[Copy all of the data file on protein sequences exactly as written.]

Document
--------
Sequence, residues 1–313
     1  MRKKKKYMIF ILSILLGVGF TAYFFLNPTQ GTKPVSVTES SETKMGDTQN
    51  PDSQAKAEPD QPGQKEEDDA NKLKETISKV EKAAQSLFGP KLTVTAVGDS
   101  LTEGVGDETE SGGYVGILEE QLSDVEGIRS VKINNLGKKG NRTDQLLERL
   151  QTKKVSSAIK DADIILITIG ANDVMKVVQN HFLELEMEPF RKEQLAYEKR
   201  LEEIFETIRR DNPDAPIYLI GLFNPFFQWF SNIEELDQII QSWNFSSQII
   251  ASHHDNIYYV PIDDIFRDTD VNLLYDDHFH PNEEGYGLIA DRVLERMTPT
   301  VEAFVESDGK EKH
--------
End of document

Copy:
Sequence, residues 1–313
     1  MRKKKKYMIF ILSILLGVGF TAYFFLNPTQ GTKPVSVTES SETKMGDTQN
    51  PDSQAKAEPD QPGQKEEDDA NKLKETISKV EKAAQSLFGP KLTVTAVGDS
   101  LTEGVGDETE SGGYVGILEE QLSDVEGIRS VKINNLGKKG NRTDQLLERL
   151  QTKKVSSAIK DADIILITIG ANDVMKVVQN HFLELEMEPF RKEQLAYEKR
   201  LEEIFETIRR DNPDAPIYLI GLFNPFFQWF SNIEELDQII QSWNFSSQII
   251  ASHHDNIYYV PIDDIFRDTD VNLLYDDHFH PNEEGYGLIA DRVLERMTPT
   301  VEAFVESDGK EKH